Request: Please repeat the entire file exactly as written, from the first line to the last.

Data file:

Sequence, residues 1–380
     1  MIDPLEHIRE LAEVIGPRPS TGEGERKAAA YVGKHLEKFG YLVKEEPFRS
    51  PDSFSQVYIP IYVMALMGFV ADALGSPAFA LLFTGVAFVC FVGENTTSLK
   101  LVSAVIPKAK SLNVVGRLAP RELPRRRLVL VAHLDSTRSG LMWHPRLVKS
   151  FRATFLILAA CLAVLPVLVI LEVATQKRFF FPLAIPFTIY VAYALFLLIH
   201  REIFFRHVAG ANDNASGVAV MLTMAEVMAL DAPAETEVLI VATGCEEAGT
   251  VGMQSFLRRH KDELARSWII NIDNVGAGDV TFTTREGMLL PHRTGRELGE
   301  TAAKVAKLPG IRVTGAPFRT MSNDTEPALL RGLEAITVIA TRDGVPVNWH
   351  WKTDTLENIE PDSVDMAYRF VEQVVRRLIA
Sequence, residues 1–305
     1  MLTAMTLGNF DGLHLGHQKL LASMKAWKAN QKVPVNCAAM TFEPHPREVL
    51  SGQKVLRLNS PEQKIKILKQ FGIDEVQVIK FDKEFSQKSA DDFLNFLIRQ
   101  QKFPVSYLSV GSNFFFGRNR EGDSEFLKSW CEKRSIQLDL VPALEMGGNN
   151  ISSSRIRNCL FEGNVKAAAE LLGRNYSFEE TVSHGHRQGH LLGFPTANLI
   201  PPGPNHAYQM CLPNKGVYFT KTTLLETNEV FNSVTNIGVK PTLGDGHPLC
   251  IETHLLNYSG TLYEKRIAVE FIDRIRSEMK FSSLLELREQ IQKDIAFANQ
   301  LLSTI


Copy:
Sequence, residues 1–380
     1  MIDPLEHIRE LAEVIGPRPS TGEGERKAAA YVGKHLEKFG YLVKEEPFRS
    51  PDSFSQVYIP IYVMALMGFV ADALGSPAFA LLFTGVAFVC FVGENTTSLK
   101  LVSAVIPKAK SLNVVGRLAP RELPRRRLVL VAHLDSTRSG LMWHPRLVKS
   151  FRATFLILAA CLAVLPVLVI LEVATQKRFF FPLAIPFTIY VAYALFLLIH
   201  REIFFRHVAG ANDNASGVAV MLTMAEVMAL DAPAETEVLI VATGCEEAGT
   251  VGMQSFLRRH KDELARSWII NIDNVGAGDV TFTTREGMLL PHRTGRELGE
   301  TAAKVAKLPG IRVTGAPFRT MSNDTEPALL RGLEAITVIA TRDGVPVNWH
   351  WKTDTLENIE PDSVDMAYRF VEQVVRRLIA
Sequence, residues 1–305
     1  MLTAMTLGNF DGLHLGHQKL LASMKAWKAN QKVPVNCAAM TFEPHPREVL
    51  SGQKVLRLNS PEQKIKILKQ FGIDEVQVIK FDKEFSQKSA DDFLNFLIRQ
   101  QKFPVSYLSV GSNFFFGRNR EGDSEFLKSW CEKRSIQLDL VPALEMGGNN
   151  ISSSRIRNCL FEGNVKAAAE LLGRNYSFEE TVSHGHRQGH LLGFPTANLI
   201  PPGPNHAYQM CLPNKGVYFT KTTLLETNEV FNSVTNIGVK PTLGDGHPLC
   251  IETHLLNYSG TLYEKRIAVE FIDRIRSEMK FSSLLELREQ IQKDIAFANQ
   301  LLSTI